New JHU-CPHIT article published this week in JAMA-Open comparing telehealth to in-person visits during COVID era

A Study of Privately Insured Patients Finds Short-Term Telehealth Follow-Up Comparable to Most In-Person Care During First Year of COVID-19 Pandemic

New research published in JAMA-Open this week by the Johns Hopkins Center for Population Health IT (CPHIT). The article can be found here.

In this study, led by researchers at the Johns Hopkins Bloomberg School of Public Health, the authors found that, on average, patients participating in an initial telehealth consult for a new health condition did not require more unplanned hospitalizations or follow-up emergency department visits within 14 days of their initial consult compared with patients making an initial in-person visit.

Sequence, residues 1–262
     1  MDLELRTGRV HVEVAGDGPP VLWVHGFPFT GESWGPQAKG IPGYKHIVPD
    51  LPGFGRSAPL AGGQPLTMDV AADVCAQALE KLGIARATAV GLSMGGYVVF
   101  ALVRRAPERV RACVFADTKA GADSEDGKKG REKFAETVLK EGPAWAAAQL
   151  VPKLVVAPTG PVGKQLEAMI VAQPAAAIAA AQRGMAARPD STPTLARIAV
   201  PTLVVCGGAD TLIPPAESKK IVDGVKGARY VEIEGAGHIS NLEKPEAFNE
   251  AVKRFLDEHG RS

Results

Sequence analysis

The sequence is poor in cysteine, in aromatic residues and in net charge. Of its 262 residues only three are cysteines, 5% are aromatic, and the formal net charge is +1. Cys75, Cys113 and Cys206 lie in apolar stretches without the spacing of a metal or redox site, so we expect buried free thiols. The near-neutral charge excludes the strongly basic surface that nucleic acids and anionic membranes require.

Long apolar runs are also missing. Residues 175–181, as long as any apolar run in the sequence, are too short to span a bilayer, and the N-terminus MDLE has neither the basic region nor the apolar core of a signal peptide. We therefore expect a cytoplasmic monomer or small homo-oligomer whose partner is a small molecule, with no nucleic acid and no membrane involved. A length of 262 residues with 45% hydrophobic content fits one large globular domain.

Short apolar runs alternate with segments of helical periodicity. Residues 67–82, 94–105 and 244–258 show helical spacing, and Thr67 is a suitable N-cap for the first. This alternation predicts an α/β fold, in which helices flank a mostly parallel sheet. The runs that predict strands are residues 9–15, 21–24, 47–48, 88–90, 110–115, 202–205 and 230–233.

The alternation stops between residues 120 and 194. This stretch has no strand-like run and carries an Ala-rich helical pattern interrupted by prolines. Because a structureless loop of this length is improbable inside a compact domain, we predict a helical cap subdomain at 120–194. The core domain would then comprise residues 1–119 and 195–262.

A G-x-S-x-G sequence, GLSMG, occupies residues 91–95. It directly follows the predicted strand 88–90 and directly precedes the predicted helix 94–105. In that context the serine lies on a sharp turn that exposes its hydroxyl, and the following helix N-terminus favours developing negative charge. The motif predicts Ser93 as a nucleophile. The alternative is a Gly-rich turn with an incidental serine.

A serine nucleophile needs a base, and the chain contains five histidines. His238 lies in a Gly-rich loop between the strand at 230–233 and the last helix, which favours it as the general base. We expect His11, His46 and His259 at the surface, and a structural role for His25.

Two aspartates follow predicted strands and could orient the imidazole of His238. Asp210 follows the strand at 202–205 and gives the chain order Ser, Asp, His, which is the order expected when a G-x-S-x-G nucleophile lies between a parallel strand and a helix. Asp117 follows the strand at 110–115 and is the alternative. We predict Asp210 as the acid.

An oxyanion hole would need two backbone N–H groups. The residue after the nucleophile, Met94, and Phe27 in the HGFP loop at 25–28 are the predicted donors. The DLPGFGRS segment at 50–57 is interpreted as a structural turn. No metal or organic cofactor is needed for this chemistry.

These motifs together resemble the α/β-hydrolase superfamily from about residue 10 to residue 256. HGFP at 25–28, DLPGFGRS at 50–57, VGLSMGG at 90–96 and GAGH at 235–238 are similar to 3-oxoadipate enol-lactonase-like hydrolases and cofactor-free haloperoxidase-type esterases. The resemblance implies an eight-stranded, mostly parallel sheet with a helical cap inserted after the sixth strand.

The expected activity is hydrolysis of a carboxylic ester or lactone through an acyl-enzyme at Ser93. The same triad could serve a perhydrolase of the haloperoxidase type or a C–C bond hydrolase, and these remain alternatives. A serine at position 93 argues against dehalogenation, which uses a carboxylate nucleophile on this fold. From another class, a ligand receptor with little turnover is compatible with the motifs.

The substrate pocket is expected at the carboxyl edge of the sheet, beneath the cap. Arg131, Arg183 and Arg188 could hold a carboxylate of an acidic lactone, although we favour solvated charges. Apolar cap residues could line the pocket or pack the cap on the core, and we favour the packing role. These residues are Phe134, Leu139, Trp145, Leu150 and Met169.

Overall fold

With a grant from the American Telemedicine Association, the researchers undertook a national study based on a cohort of 41 M BCBS working-age enrollees. They compared episodes of care for “ambulatory care sensitive conditions” that were treated via telehealth to those that were treated in-person. The main analysis period was during the July-December 2020 COVID era.

The focus was on unanticipated ED and hospital follow-ups.  This study also assessed many factors linked to higher or lower use rates of telehealth including impact neighborhood ADI, provider characteristics and internet access).

A JHSPH press release about this article is at: